The 2013-14 New York Rangers season is almost upon us.
While the team, on its surface, looks like it could compete for a Stanley Cup, there are a few potential problems that could end up derailing them.
What are the biggest potential problems for the 2013-14 season?
Read on to find out.
Brad Richards needs a big year, and he knows it.
After being saved from being bought out this offseason, if Richards doesn't perform this year, he will be gone next offseason. His contract is simply too large.
Richards will be moved to left wing to start the season and will be on a line with Rick Nash and Derek Stepan.
In theory, that should be a dangerous line. It takes some playmaking pressure off of Richards, and he gets to play with world-class players in an offensive role.
Maybe that will help him break out of whatever ailed him last season.
But it's also possible that Richards is just old, and his game declined very, very rapidly.
If Richards isn't productive, the Rangers will struggle. They need his offensive production. He doesn't need to get 90 points, but anything north of 70 would be very welcome.
A bad season for Richards could mean a bad season for the Rangers.
Ryan Callahan and Carl Hagelin will both miss at least part of the beginning of the season.
Callahan could return sometime in October, but Hagelin is expected, according to Jeff Z. Klein of the New York Times, to be placed on the 10-game inactive list.
These are two essential players to the Rangers' success. Callahan is the captain who sets the emotional tone for the team. He blocks shots, throws his body around and kills penalties. He is the heart and soul of the team.
Hagelin is a top-six winger, a ferocious forechecker and a dynamic threat in the offensive zone who burns opposing teams with his speed.
Both are expected to be back, but there's always a risk of further injury. Even more, both players are coming into the season with limited practice time and no real experience with new coach Alain Vigneault's system.
If they are unable to find their game, and if they struggle out of the gate, then the Rangers will be in trouble. Callahan and Hagelin are so important to this team, and if they can't get it going, then that's two out of the top six that aren't scoring. If they aren't scoring, then their linemates aren't scoring—a domino effect throughout the lineup.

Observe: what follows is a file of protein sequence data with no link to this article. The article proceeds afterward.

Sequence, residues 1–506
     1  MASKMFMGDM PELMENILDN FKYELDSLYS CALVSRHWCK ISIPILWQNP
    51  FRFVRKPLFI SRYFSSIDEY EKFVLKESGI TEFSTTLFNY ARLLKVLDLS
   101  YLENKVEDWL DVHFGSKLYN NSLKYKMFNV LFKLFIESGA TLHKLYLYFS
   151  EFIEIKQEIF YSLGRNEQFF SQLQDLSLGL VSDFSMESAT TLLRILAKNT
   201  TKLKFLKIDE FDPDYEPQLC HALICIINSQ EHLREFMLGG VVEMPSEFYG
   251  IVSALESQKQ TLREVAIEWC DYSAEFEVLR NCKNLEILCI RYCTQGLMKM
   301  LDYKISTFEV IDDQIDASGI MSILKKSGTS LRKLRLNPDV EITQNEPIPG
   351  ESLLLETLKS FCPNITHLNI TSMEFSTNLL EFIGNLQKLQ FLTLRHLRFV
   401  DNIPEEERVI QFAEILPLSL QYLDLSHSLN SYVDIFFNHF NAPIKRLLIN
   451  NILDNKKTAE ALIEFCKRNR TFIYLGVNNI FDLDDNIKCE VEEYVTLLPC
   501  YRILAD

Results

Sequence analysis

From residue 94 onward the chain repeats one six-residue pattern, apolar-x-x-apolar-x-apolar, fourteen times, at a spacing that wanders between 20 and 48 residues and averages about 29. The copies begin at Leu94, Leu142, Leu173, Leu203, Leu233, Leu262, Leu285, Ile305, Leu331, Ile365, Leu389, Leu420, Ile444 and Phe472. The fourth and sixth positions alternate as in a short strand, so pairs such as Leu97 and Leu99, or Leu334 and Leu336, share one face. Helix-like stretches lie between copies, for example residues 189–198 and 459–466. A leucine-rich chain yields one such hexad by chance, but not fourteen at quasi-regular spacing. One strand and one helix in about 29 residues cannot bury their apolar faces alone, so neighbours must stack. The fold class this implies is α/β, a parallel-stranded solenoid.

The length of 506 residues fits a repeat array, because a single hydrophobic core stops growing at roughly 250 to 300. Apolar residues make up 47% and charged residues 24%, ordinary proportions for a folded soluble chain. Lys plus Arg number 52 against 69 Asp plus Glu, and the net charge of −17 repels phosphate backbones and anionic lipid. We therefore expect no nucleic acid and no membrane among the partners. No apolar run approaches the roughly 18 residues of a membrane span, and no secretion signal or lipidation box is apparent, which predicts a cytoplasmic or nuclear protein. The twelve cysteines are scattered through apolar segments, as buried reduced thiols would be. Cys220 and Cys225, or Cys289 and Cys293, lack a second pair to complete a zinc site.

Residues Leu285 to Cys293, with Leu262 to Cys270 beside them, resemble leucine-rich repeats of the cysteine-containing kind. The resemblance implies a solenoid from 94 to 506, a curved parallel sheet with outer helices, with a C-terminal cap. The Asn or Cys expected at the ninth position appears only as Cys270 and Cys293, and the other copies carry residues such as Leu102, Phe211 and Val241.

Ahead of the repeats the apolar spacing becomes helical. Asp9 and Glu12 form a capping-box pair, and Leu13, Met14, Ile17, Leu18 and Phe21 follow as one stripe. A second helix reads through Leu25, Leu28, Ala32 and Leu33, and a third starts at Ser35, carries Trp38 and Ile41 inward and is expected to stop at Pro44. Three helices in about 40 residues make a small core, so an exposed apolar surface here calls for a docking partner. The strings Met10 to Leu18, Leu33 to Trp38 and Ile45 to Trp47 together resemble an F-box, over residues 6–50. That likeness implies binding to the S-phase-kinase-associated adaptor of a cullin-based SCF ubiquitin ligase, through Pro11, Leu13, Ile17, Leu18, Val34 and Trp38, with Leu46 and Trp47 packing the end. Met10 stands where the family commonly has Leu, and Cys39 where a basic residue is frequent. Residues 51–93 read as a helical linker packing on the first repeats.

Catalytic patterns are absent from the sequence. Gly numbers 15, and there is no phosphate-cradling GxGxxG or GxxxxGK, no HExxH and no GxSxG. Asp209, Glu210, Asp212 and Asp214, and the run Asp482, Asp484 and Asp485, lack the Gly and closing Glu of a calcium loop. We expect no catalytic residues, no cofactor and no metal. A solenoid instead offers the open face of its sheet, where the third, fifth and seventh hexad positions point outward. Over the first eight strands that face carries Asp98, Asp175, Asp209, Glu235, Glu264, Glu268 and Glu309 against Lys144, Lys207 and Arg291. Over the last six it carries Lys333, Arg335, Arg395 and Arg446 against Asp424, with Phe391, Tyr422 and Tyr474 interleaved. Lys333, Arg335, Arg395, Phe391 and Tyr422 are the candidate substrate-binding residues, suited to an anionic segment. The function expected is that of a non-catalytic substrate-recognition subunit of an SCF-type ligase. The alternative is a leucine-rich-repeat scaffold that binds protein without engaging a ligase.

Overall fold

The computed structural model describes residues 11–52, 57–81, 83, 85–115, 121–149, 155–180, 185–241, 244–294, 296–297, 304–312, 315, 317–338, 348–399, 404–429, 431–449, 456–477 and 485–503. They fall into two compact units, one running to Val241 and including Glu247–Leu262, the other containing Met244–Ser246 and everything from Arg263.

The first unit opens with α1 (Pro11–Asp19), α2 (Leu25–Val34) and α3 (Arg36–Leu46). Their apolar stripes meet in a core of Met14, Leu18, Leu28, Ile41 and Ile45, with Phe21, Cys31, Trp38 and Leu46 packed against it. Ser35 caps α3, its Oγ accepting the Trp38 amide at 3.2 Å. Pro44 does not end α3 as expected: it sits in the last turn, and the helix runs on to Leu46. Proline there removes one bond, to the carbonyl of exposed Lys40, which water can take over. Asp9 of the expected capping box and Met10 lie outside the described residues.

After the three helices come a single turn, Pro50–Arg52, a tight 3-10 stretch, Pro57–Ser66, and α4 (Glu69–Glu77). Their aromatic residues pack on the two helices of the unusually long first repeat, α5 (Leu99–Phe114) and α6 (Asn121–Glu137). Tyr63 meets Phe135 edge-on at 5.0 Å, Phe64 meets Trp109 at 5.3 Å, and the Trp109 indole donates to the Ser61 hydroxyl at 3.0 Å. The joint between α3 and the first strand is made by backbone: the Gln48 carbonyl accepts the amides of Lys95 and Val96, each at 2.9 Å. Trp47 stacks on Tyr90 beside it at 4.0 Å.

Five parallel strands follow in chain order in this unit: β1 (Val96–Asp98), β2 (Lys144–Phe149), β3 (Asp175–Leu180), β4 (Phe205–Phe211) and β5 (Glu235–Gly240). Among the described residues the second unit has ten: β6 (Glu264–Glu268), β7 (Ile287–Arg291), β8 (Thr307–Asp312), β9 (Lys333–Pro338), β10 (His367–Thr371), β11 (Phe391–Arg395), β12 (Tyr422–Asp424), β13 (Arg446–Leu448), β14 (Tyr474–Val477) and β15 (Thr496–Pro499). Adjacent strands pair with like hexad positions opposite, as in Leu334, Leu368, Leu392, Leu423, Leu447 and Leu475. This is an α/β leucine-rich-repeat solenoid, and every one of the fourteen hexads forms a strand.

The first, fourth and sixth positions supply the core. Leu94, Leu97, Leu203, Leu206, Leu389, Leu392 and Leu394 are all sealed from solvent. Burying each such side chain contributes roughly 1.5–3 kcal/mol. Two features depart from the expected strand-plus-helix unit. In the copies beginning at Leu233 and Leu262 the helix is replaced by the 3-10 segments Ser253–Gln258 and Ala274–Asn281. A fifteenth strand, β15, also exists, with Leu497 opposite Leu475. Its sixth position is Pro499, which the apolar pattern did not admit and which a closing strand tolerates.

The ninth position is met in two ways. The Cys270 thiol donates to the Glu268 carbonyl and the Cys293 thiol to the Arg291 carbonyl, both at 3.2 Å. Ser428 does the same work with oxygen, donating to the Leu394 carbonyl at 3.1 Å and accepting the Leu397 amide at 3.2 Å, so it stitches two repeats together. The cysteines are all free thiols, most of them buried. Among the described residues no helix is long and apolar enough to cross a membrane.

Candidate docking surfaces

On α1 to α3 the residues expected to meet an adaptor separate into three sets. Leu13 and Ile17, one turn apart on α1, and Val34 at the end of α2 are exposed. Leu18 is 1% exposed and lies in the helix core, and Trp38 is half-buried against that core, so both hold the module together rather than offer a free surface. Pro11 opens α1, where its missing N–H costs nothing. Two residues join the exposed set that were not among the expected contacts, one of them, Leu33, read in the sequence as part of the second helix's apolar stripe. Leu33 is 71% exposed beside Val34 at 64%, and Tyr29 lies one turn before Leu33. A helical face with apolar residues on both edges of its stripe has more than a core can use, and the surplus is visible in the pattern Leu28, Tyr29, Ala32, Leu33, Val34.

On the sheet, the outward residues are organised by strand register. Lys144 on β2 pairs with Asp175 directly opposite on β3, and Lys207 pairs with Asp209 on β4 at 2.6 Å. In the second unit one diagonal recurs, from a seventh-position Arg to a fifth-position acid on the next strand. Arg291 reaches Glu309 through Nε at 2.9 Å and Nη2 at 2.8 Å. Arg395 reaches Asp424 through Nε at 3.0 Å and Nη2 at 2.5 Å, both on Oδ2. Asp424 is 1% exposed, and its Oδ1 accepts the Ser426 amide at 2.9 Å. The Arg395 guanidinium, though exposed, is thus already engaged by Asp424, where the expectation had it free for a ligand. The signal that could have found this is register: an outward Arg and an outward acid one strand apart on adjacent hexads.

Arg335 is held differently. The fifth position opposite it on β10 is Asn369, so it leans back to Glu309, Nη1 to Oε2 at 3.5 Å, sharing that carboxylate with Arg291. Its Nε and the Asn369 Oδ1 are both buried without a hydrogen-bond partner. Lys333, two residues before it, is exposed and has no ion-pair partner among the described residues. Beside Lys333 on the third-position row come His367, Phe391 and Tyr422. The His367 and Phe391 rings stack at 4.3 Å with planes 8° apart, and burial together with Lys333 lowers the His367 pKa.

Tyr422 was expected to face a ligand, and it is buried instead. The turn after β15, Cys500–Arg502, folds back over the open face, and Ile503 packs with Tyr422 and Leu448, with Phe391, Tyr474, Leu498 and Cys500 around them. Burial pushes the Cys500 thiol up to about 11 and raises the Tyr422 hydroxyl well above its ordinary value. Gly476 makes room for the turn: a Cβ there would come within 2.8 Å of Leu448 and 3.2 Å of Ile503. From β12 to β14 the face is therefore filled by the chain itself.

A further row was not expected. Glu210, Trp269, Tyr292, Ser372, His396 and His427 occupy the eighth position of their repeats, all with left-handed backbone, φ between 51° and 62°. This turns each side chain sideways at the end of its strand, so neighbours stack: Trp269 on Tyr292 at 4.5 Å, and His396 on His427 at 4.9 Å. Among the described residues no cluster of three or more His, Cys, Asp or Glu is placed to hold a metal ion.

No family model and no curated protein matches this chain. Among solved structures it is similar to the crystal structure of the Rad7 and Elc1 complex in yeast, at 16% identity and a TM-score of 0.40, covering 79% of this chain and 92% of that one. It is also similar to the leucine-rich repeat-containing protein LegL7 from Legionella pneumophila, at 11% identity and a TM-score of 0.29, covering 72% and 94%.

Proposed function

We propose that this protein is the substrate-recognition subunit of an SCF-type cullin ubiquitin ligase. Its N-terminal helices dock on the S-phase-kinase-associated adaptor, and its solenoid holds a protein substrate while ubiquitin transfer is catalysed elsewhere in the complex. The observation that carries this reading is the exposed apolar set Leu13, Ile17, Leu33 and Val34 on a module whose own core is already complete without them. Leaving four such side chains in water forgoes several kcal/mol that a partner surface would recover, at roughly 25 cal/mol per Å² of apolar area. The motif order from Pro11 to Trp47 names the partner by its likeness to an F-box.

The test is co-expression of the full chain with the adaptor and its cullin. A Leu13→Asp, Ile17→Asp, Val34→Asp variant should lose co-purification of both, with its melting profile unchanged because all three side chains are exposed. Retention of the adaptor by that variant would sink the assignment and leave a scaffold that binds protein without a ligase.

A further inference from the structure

Their health and successful recovery are vital to the Rangers' success and could present a big problem if they can't get it going.
The Rangers are going to have to adapt to new coach Alain Vigneault.
It's a completely different style than John Tortorella's. Tortorella wanted to collapse in the defensive zone, block shots and not take any risks.
This was a successful strategy for some time, but the offensive struggles were noticeable.
Under Vigneault, the Rangers will be more wide-open. The defense will join the rush more, there will be more freedom to create in the offensive zone and less impetus to sacrifice the body.
Vigneault was successful in Vancouver, coming within one game of winning a Stanley Cup. But the Rangers have been so successful in recent years, in large part, because of the defensive style. Will the overall team-play suffer because of the new style?
Further, will the Rangers players struggle to pick up the new system? Will the cohesion period take too long? Teams sometimes take a little while to figure out how to play under a new coach. By the time they do, it might be too late.
And finally, is the Rangers roster suited to play a more up-tempo style? The roster has been built with John Tortorella's vision in mind, and there wasn't that much change between last year and this year. Is this the wrong roster for Vigneault?
Time will tell, but these are things worth keeping in the back of your mind.